Publisher's note: This informational nugget was sent to me by Ben Shapiro, who represents the Daily Wire, and since this is one of the most topical news events, it should be published on BCN.
The author of this post is James Barrett.
Abel and Ola Osundairo briefly shook up the City of Chicago's case against Jussie Smollett this week after announcing Wednesday that they were no longer willing to cooperate with investigators working on the high-profile "hoax hate crime" case. But in a statement released by their attorney the next day, the brothers, who say that Smollett paid them to stage the attack on the former "Empire" star, said they are now back on board with the investigation after the "intervention" of the special prosecutor.
Wednesday, the Osundairo brothers gave law enforcement an ultimatum: stop treating them as if they are still suspects in the case rather than witnesses by giving them back their confiscated private property, including a legally owned handgun. If police fail to do so, they will no longer testify against Smollett for "orchestrating" a staged attack last year, as officials concluded after a widely reported investigation.
"It's been over a year and they need to give us our stuff back,"
Abel told CBS Chicago
Wednesday in reference to the police confiscating some of their private property in the course of the investigation. "I would understand if we were defendants in the case, which we are not."
"Police raided the Osundairos' home on Valentine's Day last year while the brothers were in Nigeria,"
The Daily Wire reported
. "At the time, the brothers were suspected of launching a racist and homophobic attack on Smollett. Police later dropped charges against the brothers and now say that the actor paid each brother $3,500 to stage the incident."
The items obtained in the raid, including a legally obtained 9mm gun and ammunition, have continued to be held by police as evidence for the ongoing case, but police recently indicated that the gun was missing. "Legally, it belongs to me, and I want to know its whereabouts,"
Abel told CBS.
A day after the brothers' threatened to stop cooperating with the investigation, their attorney released a statement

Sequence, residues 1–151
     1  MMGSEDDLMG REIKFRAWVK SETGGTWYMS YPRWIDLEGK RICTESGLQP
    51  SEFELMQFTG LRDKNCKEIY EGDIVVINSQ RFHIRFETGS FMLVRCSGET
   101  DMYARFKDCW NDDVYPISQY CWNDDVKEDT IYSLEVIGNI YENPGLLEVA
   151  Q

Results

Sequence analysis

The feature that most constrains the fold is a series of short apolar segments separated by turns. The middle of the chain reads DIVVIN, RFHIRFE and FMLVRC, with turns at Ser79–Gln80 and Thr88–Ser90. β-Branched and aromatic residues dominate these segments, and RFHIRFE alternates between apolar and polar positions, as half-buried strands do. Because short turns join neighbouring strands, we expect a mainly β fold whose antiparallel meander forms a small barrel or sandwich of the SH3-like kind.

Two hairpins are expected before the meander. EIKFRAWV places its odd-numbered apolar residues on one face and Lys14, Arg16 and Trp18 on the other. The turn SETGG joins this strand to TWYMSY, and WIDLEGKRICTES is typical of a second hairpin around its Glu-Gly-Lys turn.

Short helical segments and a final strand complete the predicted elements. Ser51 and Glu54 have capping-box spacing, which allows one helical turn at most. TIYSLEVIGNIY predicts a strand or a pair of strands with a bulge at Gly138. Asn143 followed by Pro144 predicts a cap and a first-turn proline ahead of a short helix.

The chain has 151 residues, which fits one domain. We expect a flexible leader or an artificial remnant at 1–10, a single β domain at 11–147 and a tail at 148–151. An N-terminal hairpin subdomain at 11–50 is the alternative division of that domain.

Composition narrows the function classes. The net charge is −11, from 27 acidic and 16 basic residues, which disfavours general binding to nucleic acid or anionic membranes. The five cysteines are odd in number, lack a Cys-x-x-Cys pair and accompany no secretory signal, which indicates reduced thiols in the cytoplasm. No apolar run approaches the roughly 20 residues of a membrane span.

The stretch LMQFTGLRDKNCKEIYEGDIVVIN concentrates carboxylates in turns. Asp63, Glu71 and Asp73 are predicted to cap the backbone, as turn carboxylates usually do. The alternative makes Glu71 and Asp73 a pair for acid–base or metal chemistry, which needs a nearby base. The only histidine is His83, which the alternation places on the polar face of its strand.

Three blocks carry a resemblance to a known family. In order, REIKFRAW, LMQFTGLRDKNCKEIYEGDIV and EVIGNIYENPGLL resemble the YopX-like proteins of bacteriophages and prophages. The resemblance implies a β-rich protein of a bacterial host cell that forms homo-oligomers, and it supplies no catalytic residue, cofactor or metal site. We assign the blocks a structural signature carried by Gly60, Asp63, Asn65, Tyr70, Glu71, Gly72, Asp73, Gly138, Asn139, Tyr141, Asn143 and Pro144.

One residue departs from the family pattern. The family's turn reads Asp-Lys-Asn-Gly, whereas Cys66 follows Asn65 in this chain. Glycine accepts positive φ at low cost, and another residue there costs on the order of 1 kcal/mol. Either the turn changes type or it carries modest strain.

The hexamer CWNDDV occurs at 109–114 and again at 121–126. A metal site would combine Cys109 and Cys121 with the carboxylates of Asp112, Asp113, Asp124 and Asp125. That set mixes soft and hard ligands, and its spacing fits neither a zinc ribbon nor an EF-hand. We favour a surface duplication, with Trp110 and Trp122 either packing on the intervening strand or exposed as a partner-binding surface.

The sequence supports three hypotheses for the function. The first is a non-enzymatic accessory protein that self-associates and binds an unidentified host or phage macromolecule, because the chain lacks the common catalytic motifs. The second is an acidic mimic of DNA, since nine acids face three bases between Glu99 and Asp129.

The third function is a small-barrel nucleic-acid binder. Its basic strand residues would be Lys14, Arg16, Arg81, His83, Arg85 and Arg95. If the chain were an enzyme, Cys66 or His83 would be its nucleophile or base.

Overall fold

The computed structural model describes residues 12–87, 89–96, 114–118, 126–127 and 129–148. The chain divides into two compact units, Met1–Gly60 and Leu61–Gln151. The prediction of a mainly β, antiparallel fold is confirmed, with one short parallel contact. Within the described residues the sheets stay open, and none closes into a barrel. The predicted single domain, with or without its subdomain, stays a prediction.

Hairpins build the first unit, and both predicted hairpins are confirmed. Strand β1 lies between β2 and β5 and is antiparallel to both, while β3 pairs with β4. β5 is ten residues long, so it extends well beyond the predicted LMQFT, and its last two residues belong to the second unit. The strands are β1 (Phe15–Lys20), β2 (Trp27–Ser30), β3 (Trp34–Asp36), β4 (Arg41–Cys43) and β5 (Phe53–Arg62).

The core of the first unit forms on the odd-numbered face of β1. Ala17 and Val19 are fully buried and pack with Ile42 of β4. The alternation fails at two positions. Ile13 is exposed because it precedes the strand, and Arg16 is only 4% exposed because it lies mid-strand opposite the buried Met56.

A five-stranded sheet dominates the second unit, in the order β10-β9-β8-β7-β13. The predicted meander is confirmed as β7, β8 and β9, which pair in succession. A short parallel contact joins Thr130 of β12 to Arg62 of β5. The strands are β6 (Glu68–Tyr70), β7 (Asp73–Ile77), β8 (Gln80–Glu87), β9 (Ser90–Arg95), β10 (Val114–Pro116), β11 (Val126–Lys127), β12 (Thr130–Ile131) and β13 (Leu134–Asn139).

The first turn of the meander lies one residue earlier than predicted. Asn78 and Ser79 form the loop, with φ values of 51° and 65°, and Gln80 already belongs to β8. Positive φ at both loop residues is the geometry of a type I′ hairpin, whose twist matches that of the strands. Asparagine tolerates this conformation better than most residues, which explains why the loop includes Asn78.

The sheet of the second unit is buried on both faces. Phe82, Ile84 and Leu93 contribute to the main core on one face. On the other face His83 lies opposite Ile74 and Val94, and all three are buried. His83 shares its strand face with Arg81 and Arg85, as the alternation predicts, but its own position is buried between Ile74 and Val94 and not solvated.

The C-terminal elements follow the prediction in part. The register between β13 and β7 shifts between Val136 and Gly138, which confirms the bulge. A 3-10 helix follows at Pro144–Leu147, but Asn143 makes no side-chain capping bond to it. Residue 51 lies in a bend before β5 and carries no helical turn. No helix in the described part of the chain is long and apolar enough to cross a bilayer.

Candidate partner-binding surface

announcing that they are back on board, citing the "intervention" of the special prosecutor.
"Due to the intervention of Special Prosecutor Dan Webb and his team, earlier today we were informed that a properly registered 9mm handgun that was missing from a locked safe seized by the Chicago Police Department on February 14, 2019, has been located,"
their lawyer, Gloria Schmidt Rodriguez, said in the statement.
"The missing gun was a reason for Abel and Ola's decision to cease voluntary cooperation, in addition to the unnecessary complication brought to this situation by CPD's Corporate Counsel in treating them like suspects,"
said the lawyer. "Abel and Ola will recommence their cooperation in the Smollett case now that the handgun has been produced by the Special Prosecutor's office."
In January 2019, Smollett reported an alleged hate crime to police, claiming two white men attacked him in downtown Chicago at around 2 a.m., doused him in an unknown liquid, and hung a "noose "around his neck. Police quickly zeroed in on two suspects, who turned out to be the Osundairo brothers, and brought them in for questioning. A couple of days later, Chicago Police Department Communications Chief Anthony Guglielmi announced
that the brothers were no longer suspects.
"Due to new evidence as a result of today's interrogations, the individuals questioned by police in the Empire case have now been released without charging and detectives have additional investigative work to complete,"
said Guglielmi. The brothers told the police that Smollett paid them to stage the attack and police say evidence overwhelmingly confirms their account.
The initial 16 charges for filing false police reports against Smollett were infamously dropped by the Cook County prosecutor's office last year, with Smollett simply agreeing to forfeit his $10,000 bond and perform some community service, and without Smollett being required to admit any guilt. In response, the city sued Smollett in April 2019 for $130,000 in wasted resources for the investigation into what officials maintain was a hoax.